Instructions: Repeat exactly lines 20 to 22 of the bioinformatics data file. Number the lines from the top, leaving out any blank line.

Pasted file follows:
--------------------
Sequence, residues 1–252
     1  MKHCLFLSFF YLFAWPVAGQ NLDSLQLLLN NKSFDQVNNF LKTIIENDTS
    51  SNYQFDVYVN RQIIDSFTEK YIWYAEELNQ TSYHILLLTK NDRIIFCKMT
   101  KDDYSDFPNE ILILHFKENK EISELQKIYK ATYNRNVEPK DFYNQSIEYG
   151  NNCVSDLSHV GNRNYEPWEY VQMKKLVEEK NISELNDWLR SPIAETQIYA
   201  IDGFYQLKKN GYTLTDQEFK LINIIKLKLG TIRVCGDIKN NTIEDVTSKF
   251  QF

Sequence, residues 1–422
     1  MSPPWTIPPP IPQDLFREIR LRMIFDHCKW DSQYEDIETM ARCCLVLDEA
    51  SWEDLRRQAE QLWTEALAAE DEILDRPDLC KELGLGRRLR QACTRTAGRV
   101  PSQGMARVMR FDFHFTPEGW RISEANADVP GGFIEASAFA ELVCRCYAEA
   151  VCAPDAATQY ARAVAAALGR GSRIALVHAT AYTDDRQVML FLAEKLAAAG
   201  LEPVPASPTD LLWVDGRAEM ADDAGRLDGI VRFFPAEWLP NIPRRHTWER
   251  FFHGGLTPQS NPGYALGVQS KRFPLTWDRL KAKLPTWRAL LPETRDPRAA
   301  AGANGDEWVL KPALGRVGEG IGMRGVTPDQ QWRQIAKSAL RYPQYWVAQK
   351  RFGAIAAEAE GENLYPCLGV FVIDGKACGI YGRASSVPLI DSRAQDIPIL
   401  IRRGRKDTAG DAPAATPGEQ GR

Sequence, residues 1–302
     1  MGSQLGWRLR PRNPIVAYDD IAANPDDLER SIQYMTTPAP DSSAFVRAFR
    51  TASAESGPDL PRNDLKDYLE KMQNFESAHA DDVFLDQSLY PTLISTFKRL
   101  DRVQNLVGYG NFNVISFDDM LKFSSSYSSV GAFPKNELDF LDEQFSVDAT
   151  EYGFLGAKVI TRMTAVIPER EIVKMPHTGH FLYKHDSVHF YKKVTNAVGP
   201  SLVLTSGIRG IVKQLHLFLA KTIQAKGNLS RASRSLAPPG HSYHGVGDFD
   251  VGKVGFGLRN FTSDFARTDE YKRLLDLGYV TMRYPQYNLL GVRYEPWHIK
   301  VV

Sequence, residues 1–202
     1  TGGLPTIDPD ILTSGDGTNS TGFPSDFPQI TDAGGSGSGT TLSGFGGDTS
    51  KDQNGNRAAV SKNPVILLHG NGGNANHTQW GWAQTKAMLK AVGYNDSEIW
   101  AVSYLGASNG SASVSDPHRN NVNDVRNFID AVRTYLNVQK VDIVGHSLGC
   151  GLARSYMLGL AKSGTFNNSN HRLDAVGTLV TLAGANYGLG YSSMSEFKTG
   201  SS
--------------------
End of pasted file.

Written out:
    51  TASAESGPDL PRNDLKDYLE KMQNFESAHA DDVFLDQSLY PTLISTFKRL
   101  DRVQNLVGYG NFNVISFDDM LKFSSSYSSV GAFPKNELDF LDEQFSVDAT
   151  EYGFLGAKVI TRMTAVIPER EIVKMPHTGH FLYKHDSVHF YKKVTNAVGP